On Wednesday 14th December 2016, to celebrate the 10 year anniversary of the Prison Radio Association, Letters Live presented LETTERS FROM THE INSIDE at Her Majesty’s Prison, Brixton. Letters Live director Jamie Byng introduced the show as follows.


Ladies and Gentlemen – whether you’re listening live on National Prison Radio, or are here in this historic chapel inside Brixton prison – I would like to welcome you to this unique performance of Letters Live.

The first Letters Live took place on December 10th 2013 in Notting Hill Gate’s The Tabernacle, another historic place of worship built in Victorian times. Little did any of us know that three years later we would be producing our 30th Letters Live show here in the chapel at Brixton Prison.

When Phil Maguire at National Prison Radio approached us about putting on a Letters Live in this the station’s 10th anniversary year, we knew immediately that this was something we had to do. When we came back from our first meeting here with Phil, Vicky and the Governor, we knew that this was going to be one of the most important and powerful shows we had ever produced. Knowing that people who are locked up in prisons across the country are able to listen to this show means a huge amount to me, my colleagues at Letters Live and all the performers you’ll be hearing tonight. It’s the reason we are here.

Some people say that the art of letter writing is dying. But if you’re in prison, you’ll know that this is far from the truth.

If you’re in prison, you’re locked away from the people you love, and the people who love you. It isn’t easy to make phone contact. There’s no internet access. You can’t send emails or texts.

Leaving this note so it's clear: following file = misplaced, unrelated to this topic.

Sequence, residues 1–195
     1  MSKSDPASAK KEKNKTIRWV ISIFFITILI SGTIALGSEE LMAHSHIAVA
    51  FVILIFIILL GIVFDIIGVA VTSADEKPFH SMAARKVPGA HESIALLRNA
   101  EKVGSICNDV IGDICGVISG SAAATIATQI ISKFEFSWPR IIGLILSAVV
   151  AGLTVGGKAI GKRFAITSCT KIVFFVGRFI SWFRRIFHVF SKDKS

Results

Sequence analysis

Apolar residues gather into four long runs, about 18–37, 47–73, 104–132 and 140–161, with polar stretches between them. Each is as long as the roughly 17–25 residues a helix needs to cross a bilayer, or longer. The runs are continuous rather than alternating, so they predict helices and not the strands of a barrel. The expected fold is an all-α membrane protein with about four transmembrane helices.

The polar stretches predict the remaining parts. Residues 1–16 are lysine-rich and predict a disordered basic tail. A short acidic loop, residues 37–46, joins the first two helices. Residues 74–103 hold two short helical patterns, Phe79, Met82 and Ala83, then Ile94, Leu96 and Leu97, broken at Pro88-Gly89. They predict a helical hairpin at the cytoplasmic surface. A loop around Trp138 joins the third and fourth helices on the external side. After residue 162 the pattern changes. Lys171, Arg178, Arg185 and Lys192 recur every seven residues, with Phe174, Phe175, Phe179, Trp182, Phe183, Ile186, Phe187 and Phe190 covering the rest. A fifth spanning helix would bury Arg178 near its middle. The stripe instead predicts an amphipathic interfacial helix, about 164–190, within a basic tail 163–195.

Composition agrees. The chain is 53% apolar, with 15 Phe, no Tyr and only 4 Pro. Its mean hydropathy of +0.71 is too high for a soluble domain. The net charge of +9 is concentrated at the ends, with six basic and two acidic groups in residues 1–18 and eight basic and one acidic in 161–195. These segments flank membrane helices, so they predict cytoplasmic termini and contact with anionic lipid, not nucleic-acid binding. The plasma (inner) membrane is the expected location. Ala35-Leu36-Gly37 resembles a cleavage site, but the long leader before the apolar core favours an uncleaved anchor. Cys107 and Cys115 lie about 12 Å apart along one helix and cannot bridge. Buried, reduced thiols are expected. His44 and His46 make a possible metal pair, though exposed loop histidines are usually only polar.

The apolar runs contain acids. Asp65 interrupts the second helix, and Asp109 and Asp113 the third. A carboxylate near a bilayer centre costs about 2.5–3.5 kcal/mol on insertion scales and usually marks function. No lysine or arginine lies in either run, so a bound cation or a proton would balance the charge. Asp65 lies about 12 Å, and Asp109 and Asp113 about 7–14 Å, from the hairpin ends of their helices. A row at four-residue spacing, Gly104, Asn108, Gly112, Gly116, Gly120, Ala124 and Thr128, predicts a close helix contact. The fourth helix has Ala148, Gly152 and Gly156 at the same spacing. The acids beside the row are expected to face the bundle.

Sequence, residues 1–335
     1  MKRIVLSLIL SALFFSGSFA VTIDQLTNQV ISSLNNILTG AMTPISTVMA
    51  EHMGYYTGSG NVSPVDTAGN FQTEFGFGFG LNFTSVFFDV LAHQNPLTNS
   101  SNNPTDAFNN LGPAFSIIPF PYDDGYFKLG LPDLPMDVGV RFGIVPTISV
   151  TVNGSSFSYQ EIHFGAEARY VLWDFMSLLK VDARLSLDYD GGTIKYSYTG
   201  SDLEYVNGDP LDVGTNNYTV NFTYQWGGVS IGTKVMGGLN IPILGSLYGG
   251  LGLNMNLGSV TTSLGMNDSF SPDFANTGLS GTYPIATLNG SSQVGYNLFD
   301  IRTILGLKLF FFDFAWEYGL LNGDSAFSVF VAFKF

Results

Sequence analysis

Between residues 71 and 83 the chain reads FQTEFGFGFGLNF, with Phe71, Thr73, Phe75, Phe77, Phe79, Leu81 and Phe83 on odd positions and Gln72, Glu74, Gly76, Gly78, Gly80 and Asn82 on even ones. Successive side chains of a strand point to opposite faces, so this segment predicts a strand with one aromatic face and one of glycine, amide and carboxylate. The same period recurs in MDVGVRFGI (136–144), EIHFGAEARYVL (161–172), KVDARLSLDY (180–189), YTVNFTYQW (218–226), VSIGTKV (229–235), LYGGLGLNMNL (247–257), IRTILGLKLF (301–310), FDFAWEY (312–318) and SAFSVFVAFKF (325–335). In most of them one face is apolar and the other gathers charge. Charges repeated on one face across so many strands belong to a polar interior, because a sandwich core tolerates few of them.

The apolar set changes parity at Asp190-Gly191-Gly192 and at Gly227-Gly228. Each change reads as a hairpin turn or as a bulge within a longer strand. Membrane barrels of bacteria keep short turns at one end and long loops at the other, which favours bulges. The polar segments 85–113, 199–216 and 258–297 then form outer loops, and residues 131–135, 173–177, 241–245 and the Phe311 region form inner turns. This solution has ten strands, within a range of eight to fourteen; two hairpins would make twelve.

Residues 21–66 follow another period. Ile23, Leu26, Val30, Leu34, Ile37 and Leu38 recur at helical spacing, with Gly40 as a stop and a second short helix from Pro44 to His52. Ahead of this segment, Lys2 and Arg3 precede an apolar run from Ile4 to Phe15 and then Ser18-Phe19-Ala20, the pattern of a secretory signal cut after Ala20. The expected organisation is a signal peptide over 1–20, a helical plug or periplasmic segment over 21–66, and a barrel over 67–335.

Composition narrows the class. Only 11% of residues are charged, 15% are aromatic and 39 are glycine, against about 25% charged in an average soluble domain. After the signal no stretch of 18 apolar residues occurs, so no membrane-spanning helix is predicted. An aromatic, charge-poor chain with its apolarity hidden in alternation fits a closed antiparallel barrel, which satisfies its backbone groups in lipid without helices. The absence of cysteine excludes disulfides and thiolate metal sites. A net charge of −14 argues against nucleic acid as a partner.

Putting pen to paper remains an essential way for people behind bars to keep in touch with the outside world.

Even if you’ve never been to prison, you’ll recognize that special feeling you get when you receive a letter. It’s not just words on a screen. It’s a piece of paper that’s been touched by the person who sent it. It’s personal, it’s intimate – or as Katherine Mansfield once said, “This is not a letter but my arms around you for a brief moment.” When you’re in prison, that warm embrace is nourishment and sustenance and connection. And we all need connection as much as plants need water.

National Prison Radio thrives on the letters it receives and the connections it makes. Hundreds and hundreds of letters every single month, written by its loyal listeners. In fact close on 30,000 letters have been sent to National Prison Radio since it began broadcasting ten years ago. When I first heard this statistic, it underlined to me the importance of the work National Prison Radio is doing, the invaluable service it is providing 24/7.

We’ve spent a fair bit of time reading through some of these letters, and they’ve filled us with a huge variety of emotions. They’re often written by people on the edge of something – sometimes the edge of a new start, sometimes the edge of a life falling apart. Some have made us laugh out loud, others have had us in tears or fuming with anger.

But writing a letter is a therapeutic act. It’s a way of making sense of the world around you, and of the universe inside you. The act of writing can help to place confusion and chaos into some sort of order.

Letters Live is a celebration of the letter and its alchemical power. Over the next seventy five minutes, you’re going to hear some memorable letters brought to life by some magnificent performers. Some of the letters have been written to National Prison Radio over the last decade. Others have come to us from across the waters and across the centuries.

If you’re listening to Letters Live in your cell, let me set the scene.

We are in a packed prison chapel – it’s a 200 year old building, the ceilings are high, the walls are cold. But the room is lit with hundreds of candles. And the hearts of the 200 people in the audience are warm, and they are all passing their very best wishes on to you. We all hope you’re able to find your way through these difficult times and will come out stronger, welcomed back to the outside world with a positive outlook and remembering that the future is unwritten. You are one of its authors.

We’re all rooting for you. Like I said before, it’s the reason we are here.

Thank you for listening and happy Christmas.